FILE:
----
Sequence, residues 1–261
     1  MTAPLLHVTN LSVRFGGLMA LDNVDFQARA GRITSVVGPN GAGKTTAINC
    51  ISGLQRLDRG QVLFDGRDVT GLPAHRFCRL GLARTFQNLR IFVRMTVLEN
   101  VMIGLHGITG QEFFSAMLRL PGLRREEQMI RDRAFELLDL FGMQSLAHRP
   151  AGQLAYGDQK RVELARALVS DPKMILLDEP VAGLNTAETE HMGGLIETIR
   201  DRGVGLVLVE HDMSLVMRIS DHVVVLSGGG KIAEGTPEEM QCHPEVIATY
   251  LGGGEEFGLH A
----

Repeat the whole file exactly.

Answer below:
Sequence, residues 1–261
     1  MTAPLLHVTN LSVRFGGLMA LDNVDFQARA GRITSVVGPN GAGKTTAINC
    51  ISGLQRLDRG QVLFDGRDVT GLPAHRFCRL GLARTFQNLR IFVRMTVLEN
   101  VMIGLHGITG QEFFSAMLRL PGLRREEQMI RDRAFELLDL FGMQSLAHRP
   151  AGQLAYGDQK RVELARALVS DPKMILLDEP VAGLNTAETE HMGGLIETIR
   201  DRGVGLVLVE HDMSLVMRIS DHVVVLSGGG KIAEGTPEEM QCHPEVIATY
   251  LGGGEEFGLH A